For a while towards the beginning of our Ecuador trip, I got tired of hearing my own complaints and those of other students about piropos, host family drama and eating way too many damn carbs all the time. Why couldn’t we just forget about the bad stuff and appreciate the beautiful experience we have? It’s the K Complex in us. The inability to appreciate something wonderful that’s right in front of you when you know nothing is just plain wonderful.
Everything has it’s ups and downs, it’s positives and negatives. Yeah, thinking about gender inequality and racism Ecuador isn’t fun, but the fact that we’re honest with ourselves about the challenges we face here have allowed us to appreciate this experience for all that it is (not just a dulce-de-leche-coated view of the Andes and the Amazon). It gives us a more complete experience, and I would even say one that we’re able to appreciate more. We’re enjoying what’s real, not an romanticized view of what life here is supposed to be.
Sometimes K makes us so hyper-critical of things that we don’t take the time to enjoy the opportunities we’re given. We will analyze the shit out of that banana split until it is nothing but a puddle of milk on the floor. And we’ll sit on the side of the moon bounce and whine about how inflatables don’t contribute to a better society, even though we’ve been drowning in the stress of seventh-week and could probably use a good endorphine boost. (Well, maybe you’ll be whining. I’ma be all up in that moon bounce.)
We criticize this fully-packed, socially-conscious lifestyle we live for any number of reasons, but by the time that bachelor’s degree is in our hands (which, weirdly, is not that far away), that mindset becomes one of the most valuable things we’ll take away from this school.
I think it’s good to be critical of our critical thinking. And it’s great to value critical thinking the way K College students do in the first place.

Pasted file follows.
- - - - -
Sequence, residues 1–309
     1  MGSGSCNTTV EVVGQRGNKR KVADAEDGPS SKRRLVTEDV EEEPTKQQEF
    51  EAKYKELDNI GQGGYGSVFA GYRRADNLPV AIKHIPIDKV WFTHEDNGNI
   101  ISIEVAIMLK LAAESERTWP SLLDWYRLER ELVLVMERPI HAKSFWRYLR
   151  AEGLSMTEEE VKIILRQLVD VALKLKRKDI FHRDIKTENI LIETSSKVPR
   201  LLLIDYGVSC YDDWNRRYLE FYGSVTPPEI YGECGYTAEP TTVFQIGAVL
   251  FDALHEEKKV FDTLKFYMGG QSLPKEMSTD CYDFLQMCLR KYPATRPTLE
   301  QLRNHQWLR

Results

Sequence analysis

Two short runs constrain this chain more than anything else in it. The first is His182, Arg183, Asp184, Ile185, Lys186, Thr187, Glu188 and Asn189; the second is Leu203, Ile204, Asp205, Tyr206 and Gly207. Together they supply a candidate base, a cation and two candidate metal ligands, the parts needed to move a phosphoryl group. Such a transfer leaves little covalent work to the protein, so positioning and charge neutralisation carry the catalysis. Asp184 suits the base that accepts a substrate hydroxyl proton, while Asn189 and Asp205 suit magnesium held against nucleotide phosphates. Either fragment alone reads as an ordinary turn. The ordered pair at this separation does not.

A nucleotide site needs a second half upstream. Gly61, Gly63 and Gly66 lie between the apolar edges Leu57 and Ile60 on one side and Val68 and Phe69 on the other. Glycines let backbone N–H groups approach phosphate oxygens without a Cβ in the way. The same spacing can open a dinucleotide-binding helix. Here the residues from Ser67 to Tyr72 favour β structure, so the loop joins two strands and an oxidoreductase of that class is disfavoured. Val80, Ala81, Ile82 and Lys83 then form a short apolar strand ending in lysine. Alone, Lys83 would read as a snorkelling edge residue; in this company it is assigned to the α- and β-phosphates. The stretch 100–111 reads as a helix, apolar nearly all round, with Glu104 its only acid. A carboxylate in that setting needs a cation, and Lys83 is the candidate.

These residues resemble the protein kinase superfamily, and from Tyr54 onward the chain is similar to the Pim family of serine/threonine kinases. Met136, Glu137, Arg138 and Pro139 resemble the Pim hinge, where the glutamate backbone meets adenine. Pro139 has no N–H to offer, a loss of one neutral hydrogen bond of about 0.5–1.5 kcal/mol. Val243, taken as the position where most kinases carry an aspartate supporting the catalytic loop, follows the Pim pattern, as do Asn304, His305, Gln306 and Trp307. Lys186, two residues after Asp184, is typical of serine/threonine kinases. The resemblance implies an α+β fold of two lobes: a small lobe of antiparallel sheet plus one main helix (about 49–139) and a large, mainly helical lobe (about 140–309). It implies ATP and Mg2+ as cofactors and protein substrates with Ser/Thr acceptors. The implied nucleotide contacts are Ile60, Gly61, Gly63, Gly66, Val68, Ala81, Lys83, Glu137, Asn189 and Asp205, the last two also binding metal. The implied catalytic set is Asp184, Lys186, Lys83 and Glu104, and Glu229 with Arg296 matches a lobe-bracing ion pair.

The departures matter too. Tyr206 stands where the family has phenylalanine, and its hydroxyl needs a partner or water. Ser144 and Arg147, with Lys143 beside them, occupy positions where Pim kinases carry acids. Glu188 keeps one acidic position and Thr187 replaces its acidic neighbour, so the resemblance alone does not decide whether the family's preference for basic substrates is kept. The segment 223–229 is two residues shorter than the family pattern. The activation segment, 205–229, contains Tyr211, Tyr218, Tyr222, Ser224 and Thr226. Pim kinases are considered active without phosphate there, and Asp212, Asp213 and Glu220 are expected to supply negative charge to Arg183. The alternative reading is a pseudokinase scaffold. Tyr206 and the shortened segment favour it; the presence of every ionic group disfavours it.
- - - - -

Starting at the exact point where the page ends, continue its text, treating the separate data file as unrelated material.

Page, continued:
- Bridgett: I'm taking a class called Art, Critical Theory and Social Justice.
- Michael: Wow. Those are probably the top three reasons why I no longer go to Kalamazoo College.
- All Students Who Dislike Moon Bounces and Finger Painting to be Reimbursed for 2010-2011 Student Activities Fees
- Spring Quarter Wind Down Wednesdays to Feature Beyonce, Kanye and Lady Gaga
- DOGL Extended to Weeklong Celebration
- Life-Size Statue of Di Suess to be Erected in Front of Humphrey House
- Grass for New Athletic Fields Grown Exclusively from Local Vegetables
- Whole Foods to Replace Abandoned Supercuts Location
- Sodexo Contract Guarantees Buffalo Chicken Pizza Will Be Served at Lunch Every Day for Next 50 Years
- All Fitness Center Equipment Functioning Normally
- Summer Quarter Reinstated to Resolve “Quarter” vs. “Trimester” Confusion
- Major No Longer Required to Graduate
- Concrete Definition for “Social Justice” Determined by Arcus Center
- Student Health Center to Provide More Than Condoms, Salt Packets and Hand Sanitizer
- CIP Will Again Cover Flights Abroad, 2011-2012 Participants Will Not Be Reimbursed
- Barb and Omelet Rob Announce Engagement
- Buzz the Hornet Looses Stinger, Dies Tragic Death
- Alex Morgan to Replace President Wilson-Oyelaran as Kalamazoo College President in Academic Coup D’état
I took a developmental psychology course this year. And while learning about child development for ten weeks served as a concrete reminder that I never want anything coming out of my womb, I did really enjoy learning about how our social patterns take shape. Since I’ve been analyzing WDET’s Facebook pages for the past couple weeks, I’ve noticed a lot of similarities between the early stages of pragmatic development and the early stages of social media journalism. Here are a few factors that are important to growing into socially healthy adult and being an engaging and interactive news source:
1) Understanding verbal routines. The thing that I’ve found most interesting about doing Facebook analysis is how routine our social media interactions actually are. If you’re an avid social media user, you may think that you engage with your mediums of communication in a lot of different ways, but chances are you don’t, particularly with pages. If you’re a commenter, you comment. If you’re a liker, you like. There isn’t a huge amount of overlap between the two.